Articles sur Biodiversity

Affichage de 1 à 20 de 233 articles

The thorny devil, one of Australia’s many remarkable and unique animals. Euan Ritchie

Australia’s draft ‘Strategy for nature’ doesn’t cut it. Here are nine ways to fix it

Most of Australia's plants and animals are found nowhere else on Earth. This remarkable biodiversity requires a bolder, brighter conservation vision.
In the Global Biodiversity Information Facility there are 682,447 records of human encounters with dandelions. from

AI is learning from our encounters with nature – and that’s a concern

Does big data threaten how humans explore the natural world? We need to protect our impulses to observe, compare, play, discover and love, no matter what technological capabilities are available.
A long-term monitoring project in Simpson Desert provides crucial information about the ecosystem. Mina Guli/Flickr

Australia among the world’s worst on biodiversity conservation

Australia is among seven countries contributing to more than half of the world's biodiversity loss. Yet next month, a crucial network of long-term research sites will lose funding.
Sulawesi, part of the biogeographical region of Wallacea, is home to tarsiers – tiny, goggle-eyed creatures look more like mammalian tree frogs than monkeys. Ondrej Prosicky/

Wallacea: a living laboratory of evolution

The central islands of Indonesia, also known as Wallacea, is a place of wonder, a living laboratory for the study of evolution.
Adélie penguin at the Mt Siple breeding colony, West Antarctica. Jasmine Lee

The winners and losers of Antarctica’s great thaw

Climate change is set to expand Antarctica's ice-free area, potentially helping native species to flourish but also paving the way for invasive species to gain a foothold.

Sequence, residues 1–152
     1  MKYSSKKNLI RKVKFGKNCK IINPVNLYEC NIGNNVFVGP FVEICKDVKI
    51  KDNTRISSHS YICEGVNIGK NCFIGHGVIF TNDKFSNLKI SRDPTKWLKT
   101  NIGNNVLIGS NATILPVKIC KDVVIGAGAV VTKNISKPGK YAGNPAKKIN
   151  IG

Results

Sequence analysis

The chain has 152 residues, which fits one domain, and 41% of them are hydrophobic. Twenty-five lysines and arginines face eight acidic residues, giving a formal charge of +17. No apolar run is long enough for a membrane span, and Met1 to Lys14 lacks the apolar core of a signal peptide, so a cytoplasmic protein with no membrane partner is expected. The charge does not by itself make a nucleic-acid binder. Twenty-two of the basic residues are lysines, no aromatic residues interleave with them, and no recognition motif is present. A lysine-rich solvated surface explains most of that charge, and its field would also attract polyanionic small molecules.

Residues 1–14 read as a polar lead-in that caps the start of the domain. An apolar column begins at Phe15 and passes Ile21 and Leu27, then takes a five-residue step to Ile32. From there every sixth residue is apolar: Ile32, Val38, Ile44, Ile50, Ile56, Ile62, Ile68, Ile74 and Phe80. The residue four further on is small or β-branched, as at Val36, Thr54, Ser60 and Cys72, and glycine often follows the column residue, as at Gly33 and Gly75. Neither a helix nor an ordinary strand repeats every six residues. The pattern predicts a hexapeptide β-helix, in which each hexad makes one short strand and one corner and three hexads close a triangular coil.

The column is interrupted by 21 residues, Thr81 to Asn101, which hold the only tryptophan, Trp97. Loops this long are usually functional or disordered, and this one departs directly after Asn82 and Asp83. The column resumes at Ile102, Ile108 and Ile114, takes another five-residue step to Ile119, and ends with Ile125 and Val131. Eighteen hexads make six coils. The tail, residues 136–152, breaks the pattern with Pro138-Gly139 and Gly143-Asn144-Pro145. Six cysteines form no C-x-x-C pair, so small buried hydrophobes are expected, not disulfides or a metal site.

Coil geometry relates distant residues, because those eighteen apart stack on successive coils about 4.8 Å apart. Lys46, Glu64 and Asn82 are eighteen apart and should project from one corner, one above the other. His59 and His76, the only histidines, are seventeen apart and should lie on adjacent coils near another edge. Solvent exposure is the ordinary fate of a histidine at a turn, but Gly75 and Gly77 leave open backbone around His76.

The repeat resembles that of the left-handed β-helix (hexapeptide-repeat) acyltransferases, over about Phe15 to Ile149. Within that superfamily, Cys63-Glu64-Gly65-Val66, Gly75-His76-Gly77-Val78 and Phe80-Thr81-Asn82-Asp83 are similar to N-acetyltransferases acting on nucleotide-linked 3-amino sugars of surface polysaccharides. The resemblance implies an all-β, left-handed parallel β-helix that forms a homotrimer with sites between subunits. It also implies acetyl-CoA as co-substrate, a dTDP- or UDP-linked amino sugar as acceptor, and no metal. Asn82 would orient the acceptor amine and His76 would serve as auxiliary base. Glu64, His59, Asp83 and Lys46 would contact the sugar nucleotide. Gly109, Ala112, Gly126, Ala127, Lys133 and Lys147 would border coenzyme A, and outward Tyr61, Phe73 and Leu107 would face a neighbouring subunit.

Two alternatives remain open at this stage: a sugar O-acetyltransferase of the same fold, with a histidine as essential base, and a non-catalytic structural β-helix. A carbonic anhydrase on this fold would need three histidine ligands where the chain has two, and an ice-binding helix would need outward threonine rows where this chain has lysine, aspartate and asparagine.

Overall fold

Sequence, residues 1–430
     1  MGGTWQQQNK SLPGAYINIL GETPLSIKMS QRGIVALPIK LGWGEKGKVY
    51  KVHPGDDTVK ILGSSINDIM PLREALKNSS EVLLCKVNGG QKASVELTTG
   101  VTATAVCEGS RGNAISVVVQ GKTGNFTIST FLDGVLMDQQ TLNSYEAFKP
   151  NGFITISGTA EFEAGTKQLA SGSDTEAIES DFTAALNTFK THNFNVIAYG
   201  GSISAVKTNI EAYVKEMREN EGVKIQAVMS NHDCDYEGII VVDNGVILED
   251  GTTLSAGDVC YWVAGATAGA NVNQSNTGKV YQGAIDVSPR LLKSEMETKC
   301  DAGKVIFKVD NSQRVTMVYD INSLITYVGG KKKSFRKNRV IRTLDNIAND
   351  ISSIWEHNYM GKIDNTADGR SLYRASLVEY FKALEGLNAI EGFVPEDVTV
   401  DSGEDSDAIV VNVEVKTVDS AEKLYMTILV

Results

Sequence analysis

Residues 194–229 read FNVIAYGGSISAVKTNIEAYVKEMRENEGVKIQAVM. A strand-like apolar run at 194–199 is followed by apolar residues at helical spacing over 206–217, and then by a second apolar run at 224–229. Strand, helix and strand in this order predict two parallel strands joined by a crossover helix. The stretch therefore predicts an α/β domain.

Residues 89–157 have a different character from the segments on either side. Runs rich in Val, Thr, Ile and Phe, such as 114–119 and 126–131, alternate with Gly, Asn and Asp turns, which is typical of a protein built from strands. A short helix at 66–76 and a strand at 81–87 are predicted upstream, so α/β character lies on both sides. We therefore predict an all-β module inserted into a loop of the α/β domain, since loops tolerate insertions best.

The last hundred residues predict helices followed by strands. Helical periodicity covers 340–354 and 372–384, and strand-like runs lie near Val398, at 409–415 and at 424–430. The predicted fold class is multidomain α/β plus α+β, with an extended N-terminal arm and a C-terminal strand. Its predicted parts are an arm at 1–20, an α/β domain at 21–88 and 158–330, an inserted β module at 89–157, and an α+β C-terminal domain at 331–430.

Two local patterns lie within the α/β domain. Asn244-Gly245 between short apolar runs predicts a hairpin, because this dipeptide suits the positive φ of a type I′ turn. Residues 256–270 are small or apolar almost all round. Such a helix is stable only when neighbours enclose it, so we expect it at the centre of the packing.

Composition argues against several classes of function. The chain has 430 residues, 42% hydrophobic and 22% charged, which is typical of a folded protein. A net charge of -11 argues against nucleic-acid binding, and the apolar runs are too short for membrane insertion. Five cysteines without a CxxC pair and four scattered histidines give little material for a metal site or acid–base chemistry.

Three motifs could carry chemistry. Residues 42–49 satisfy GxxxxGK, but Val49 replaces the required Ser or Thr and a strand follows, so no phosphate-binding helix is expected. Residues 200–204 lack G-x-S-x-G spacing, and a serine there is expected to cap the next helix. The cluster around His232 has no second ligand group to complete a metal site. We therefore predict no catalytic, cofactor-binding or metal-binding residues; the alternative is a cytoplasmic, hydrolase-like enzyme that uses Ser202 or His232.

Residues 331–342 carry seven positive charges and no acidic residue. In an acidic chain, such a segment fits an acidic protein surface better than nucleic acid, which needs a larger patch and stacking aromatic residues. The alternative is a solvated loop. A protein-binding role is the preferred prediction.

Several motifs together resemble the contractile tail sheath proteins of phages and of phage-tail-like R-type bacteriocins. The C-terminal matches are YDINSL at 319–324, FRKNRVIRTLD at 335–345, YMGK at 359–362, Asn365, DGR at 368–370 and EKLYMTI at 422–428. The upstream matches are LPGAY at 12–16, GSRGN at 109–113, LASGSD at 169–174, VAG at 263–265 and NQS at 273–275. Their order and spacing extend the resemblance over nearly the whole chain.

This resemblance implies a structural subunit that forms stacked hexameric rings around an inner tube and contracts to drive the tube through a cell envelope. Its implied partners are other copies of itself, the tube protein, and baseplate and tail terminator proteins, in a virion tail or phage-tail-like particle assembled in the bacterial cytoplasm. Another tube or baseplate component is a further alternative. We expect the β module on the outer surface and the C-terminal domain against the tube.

The High Line in New York City, a former elevated railroad trestle converted to a public park. Shinya Suzuki/Flickr

Urban nature: What kinds of plants and wildlife flourish in cities?

In an urbanizing world, people increasingly are seeking out nature in cities. Research shows that diverse species of animals, plants and insects can thrive in areas that humans have altered.
Angustoniscus amieuensis, a New Caledonian cockroach that lives in the moist forests of the island. P.Grandcolas

How a humble cockroach rewrote the history of New Caledonia

The theory that New Caledonia was a piece of land that separated from the ancient supercontinent of Gondwana was a seductive one. But then a cockroach rose up to challenge it.
Hundreds of large old trees were removed when the Hume Highway was widened. Brian Yap/Flickr

The plan to protect wildlife displaced by the Hume Highway has failed

When the Hume Highway was widened, hundreds of nest boxes were installed to replace habitat for three threatened species. Four years of monitoring has concluded the program is entirely unsuccessful.
Dingoes can help manage devastating red fox and feral cat numbers, but only if we let enough of them live in key areas. Bobby Tamayo

Thinking big gives top predators the competitive edge

Dingoes and wolves can help control destructive smaller predators, new research shows, but only if we encourage them across wide areas.

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